The Lok Sabha on Tuesday passed the contentious Citizenship (Amendment) Bill, 2019, that seeks to provide citizenship to non-Muslims from Bangladesh, Pakistan and Afghanistan.
Home Minister Rajnath Singh, who introduced the Bill in the Lok Sabha, said the six communities — Hindus, Jains, Christians, Sikhs, Buddhists and Parsis from Bangladesh, Pakistan and Afghanistan — faced “discrimination and religious persecution” and they “have no place to go, except India.”
The Congress said many States opposed the Bill and it should be sent to a select committee. As the government did not heed the demand, its MPs walked out.
Quoting former Prime Minister Jawaharal Nehru as being in favour of giving shelter to persecuted minorities in the neighbouring countries, Mr. Singh said, “Although Indian leaders signed pacts with leaders of Pakistan and Bangladesh for protection of minorities, unfortunately it had not happened.” “Even former Prime Minister Manmohan Singh, while speaking as Leader of the Opposition in the Rajya Sabha, had asked the then BJP-led government to be more liberal in dealing with the issue of persecuted minorities in Bangladesh,” Mr. Singh said. The Bill seeks to grant citizenship to members of the six communities who have come to India till December 31, 2014.
It also reduces the mandatory requirement of 12 years stay in India to seven years to be eligible for citizenship if they do not possess any document.
Seeking to allay concerns of an influx in Assam, Mr. Singh said, “Assam alone should not have to bear the entire burden. The beneficiaries of Citizenship Amendment Bill can reside in any State of the country. The burden of those persecuted migrants will be shared by the whole country,” he said.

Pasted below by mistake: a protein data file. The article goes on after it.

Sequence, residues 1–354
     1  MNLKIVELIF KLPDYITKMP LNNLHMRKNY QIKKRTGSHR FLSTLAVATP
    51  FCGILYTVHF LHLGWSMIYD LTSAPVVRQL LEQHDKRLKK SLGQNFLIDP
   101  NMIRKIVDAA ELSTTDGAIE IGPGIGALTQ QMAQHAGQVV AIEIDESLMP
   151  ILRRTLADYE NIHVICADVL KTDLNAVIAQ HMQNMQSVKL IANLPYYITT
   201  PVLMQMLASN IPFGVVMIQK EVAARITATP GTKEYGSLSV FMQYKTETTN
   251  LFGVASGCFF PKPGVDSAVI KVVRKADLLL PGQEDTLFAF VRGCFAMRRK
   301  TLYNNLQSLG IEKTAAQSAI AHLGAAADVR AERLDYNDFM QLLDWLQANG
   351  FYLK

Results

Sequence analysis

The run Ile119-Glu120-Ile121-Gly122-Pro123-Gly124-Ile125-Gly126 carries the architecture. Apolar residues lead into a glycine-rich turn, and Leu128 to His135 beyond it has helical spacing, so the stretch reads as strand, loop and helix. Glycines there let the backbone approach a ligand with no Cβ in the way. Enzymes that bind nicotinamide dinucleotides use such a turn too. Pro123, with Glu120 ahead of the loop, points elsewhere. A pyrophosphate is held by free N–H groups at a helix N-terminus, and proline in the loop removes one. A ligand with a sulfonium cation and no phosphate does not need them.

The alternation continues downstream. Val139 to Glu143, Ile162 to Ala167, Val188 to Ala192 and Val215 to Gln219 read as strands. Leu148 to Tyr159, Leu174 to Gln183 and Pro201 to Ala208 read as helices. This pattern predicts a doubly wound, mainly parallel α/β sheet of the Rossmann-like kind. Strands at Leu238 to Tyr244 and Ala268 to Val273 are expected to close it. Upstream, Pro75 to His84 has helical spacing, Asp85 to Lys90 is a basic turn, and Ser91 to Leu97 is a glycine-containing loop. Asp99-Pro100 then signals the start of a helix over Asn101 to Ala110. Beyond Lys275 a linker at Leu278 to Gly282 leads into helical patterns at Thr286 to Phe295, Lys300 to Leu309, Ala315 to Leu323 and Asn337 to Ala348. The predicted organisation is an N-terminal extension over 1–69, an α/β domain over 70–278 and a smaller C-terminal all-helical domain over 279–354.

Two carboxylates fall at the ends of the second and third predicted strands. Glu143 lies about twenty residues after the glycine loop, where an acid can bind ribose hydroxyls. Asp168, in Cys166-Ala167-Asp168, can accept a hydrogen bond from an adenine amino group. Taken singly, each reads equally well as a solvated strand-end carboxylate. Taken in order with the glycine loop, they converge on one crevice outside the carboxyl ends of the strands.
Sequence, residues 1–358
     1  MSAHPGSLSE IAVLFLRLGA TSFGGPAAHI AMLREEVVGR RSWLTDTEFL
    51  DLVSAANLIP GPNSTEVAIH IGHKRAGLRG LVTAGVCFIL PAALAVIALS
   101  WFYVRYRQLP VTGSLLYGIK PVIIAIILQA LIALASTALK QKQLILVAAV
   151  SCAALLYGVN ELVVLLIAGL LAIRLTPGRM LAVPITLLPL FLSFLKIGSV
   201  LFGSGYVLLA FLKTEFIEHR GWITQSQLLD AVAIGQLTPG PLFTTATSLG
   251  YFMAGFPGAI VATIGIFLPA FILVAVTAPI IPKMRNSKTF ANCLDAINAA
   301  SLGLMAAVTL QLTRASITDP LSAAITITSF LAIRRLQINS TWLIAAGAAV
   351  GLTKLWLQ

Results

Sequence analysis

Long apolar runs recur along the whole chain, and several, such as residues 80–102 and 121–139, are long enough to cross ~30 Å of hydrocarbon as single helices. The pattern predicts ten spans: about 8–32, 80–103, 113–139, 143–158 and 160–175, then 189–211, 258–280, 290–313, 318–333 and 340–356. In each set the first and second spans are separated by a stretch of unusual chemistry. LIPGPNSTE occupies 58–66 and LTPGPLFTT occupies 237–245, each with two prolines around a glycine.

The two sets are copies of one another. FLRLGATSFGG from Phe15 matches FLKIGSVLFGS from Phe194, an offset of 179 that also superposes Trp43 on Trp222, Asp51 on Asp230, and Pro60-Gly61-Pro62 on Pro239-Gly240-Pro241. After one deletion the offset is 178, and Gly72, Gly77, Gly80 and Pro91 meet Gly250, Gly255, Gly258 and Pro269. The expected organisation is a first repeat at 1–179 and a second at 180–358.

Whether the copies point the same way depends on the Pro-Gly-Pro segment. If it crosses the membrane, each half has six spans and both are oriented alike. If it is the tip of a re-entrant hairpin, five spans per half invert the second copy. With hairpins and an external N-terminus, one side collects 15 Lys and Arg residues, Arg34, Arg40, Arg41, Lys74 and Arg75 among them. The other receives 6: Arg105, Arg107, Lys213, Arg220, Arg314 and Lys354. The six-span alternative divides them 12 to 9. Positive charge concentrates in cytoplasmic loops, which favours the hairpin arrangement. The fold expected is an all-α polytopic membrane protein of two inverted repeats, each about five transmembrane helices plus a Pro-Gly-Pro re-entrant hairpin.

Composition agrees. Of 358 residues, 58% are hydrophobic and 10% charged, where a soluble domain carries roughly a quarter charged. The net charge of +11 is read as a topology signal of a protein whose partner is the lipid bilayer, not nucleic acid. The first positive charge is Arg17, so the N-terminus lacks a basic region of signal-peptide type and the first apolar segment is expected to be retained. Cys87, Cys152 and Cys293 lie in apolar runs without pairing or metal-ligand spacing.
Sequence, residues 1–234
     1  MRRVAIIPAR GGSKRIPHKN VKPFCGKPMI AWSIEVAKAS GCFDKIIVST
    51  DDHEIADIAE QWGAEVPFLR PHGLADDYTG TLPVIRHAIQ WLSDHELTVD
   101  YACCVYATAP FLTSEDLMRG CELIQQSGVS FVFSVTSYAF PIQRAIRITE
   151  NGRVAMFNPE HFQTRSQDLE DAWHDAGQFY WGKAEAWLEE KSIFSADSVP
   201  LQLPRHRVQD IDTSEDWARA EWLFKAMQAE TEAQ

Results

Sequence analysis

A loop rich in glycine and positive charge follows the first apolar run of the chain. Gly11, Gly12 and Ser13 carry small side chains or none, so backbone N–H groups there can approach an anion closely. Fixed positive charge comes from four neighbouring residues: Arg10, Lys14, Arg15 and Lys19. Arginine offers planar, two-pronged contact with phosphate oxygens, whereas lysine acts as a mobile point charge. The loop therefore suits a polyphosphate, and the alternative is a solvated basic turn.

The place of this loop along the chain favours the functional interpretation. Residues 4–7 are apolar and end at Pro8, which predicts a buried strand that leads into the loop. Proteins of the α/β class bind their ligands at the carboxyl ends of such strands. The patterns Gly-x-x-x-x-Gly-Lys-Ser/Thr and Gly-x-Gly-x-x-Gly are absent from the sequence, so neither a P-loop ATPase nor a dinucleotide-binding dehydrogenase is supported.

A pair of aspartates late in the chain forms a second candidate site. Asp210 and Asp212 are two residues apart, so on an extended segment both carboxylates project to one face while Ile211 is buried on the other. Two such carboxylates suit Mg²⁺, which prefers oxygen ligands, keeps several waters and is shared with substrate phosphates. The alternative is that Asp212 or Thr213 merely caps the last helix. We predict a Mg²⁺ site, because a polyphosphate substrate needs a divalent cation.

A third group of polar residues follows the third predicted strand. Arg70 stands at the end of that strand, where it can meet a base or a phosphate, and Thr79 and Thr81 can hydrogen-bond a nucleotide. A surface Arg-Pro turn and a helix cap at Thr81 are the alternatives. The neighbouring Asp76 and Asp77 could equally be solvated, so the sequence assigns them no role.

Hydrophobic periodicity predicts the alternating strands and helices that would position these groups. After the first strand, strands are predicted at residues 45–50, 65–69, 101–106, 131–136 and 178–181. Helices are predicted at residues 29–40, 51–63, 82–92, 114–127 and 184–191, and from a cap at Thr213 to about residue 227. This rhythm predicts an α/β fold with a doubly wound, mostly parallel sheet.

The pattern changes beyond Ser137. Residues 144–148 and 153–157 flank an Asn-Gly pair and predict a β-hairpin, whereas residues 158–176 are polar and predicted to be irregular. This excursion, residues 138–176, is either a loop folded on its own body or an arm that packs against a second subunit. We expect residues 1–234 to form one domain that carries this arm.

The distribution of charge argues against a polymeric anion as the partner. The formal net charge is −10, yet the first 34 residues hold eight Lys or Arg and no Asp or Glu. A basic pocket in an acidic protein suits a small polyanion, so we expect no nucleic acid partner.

There has been a strong resistance to the Bill in BJP-ruled Assam and other northeastern States who fear it would pave the way for granting citizenship mostly to illegal Hindu migrants from Bangladesh, who came after March 1971, in violation of the 1985 Assam Accord.
Nearly 40 lakh people were excluded from the final draft of the National Register of Citizens (NRC) in Assam that was published on July 30 last year. The new Bill seeks to negate the NRC (a process that is the fallout of the Assam Accord), as it would grant citizenship to all Hindus who came to Assam from Bangladesh even after the NRC cut off date of March 1971.
“The proposed amendment will make these persecuted migrants eligible to apply for citizenship. Citizenship will be given to them only after due scrutiny and recommendation of district authorities and the State Government,” Mr. Singh said.
To become a law, the Bill will have to be cleared by the Rajya Sabha on Wednesday, the last day of its current session. The Bill was originally introduced in 2016 and later sent to a Joint Parliamentary Committee (JPC). The Committee submitted its report on Monday after which the Bill was redrafted and presented in the Lok Sabha on Tuesday.
The Congress said many States have opposed the Bill and it should be sent to a select committee. As the government did not heed to the demand, party MPs staged a walkout.
Trinamool Congress (TMC) lawmaker Saugata Roy said the Bill was “divisive and insidious that goes against the basic tenents of the Constitution.”
“This is the worst form of vote-bank politics,” Mr. Roy said.
Opposing the Bill, Asaduddin Owaisi of AIMIM said, “You are giving citizenship on the basis of the religion. You can’t run India like Israel. This government is making a mistake and will have to pay for it.”
CPI-M MP Mohammad Salim said, “If the country is being divided on the basis of language and religion, it will only tear the country apart. You want to victimise the Bengali Muslim.”
Rejecting the Bill, Badruddin Ajmal of AIDUF asked, “You may have the majority to pass the Bill. Have you delivered the basic facilities to all Indians that you want to grant citizenship to foreign nationals?”
Jay Prakash Narayan Yadav of RJD said also opposed the Bill.